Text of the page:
Tuesday, 22 November 2011

Jethro Tull's Aqualung - 40th Anniversary Collector's Edition Reviewed

Jethro Tull - Aqualung
40th Anniversary Special Edition
Used with Permission: Leighton Media
A few years ago I had the privilege of reviewing Jethro Tull at St David's Hall, Cardiff.

For the first time I sampled many of their fabulous songs beyond the radio airplay material I had become accustomed to (Living In The Past and The Witches Promise have always been favourites).

So I jumped at the chance earlier this month to hear the stereo special collectors edition of Aqualung, their historic album which features such classics as My God and Locomotive Breath , celebrated its 40th anniversary this year.
Jethro Tull's emergence on the British music scene in 1969 was undeniably a breath of fresh air. Their debut UK hit Living in the Past mixed front man Ian Anderson's flute playing with back to basics folk rock and heavy guitar riffs signalling the decline of a decade that went from been swinging and hopeful to weary of war and assassinations. 
Jethro Tull's fresh music style took them into the 1970s with the release of their seminal fourth album Aqualung (1971) of which they achieved success on both sides of the Atlantic. That success is celebrated to coincide with Aqualung's 40th anniversary with EMI giving the album a revamp worthy of its historic status, comprising collectors and special editions including new stereo mixes on vinyl, CD. Blu Ray and DVD. 
From hitting the play button, Steven Wilson's new mixes of classic tracks including Locomotive Breath, Hymn 43 and My God have new life breathed into them. Blues, rock, folk and psychedelic musical arrangements now burst with a rawer sounding energy than ever before, previously undetectable on the vinyl stereo segregated releases of yesteryear. 
As die-hard Jethro Tull fans will likely lap up the new stereo mixes of these cherished classics, newer listeners will be astounded to find that much of Aqualung's social comment is still as relevant in 2011 as it was in 1971.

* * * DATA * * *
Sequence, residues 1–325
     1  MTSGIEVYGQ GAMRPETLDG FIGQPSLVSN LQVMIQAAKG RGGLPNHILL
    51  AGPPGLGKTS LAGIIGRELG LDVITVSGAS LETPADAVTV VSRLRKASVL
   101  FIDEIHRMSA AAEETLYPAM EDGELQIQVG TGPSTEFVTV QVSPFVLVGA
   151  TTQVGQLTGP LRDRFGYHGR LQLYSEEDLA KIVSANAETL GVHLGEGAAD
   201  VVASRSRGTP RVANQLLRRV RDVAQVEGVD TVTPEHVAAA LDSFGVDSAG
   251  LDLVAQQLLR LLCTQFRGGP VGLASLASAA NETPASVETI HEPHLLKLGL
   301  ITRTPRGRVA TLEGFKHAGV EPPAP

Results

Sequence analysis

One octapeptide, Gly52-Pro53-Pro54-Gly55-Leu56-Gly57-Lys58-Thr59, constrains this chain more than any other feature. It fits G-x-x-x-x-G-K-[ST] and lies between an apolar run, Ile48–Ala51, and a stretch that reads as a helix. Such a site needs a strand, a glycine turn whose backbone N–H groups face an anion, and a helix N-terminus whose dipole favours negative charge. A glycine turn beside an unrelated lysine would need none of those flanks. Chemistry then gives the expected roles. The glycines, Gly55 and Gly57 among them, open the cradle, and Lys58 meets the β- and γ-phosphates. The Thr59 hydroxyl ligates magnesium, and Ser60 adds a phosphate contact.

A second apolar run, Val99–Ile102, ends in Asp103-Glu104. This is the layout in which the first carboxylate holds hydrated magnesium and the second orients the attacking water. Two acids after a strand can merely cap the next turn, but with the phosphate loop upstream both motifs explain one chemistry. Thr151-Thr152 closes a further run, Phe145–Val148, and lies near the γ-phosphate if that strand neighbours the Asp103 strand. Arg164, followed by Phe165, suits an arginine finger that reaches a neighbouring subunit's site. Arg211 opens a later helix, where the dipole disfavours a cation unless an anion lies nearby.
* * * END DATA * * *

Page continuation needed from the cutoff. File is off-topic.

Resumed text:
Recurring themes throughout the album such as global effects on the rich and poor, homelessness prostitution and religion continue to challenge the listening ear. Having just as much relevance now as they did 40 years ago, Aqualung's songs demonstrate that the album leaned more towards social comment than concept album. 
Jethro Tull at the time were unceremoniously tagged as another progressive rock band. The evidence on Aqualung is that Jethro Tull's sound was far more than heavy drum beats and guitar riffs, delivering acoustic brilliance on Cheap Day Return and Slipstream. 
There are tracks of epic proportions too, with both Aqualung and Hymn 43 still making enjoyable listening while Burton Silverman's cover art of Aqualung; the album's iconic tramp character (allegedly inspired by Ian Anderson) has gained a vintage art brilliance of its own. 
A bonus CD of additional Aqualung session recordings also features several rare tracks that didn't make the album's final cut including Lick Your Fingers Clean, an early version of My God, alternate takes of the acoustic track Wond'ring Aloud and a US Radio Spot. 
Topped off with a well researched booklet containing interviews with Ian Anderson and engineer John Burns and rare photographs Aqualung: The 40th Anniversary Edition is an essential addition for anyone looking to replace their well-played vinyl copies or discovering Jethro Tull for the first time.

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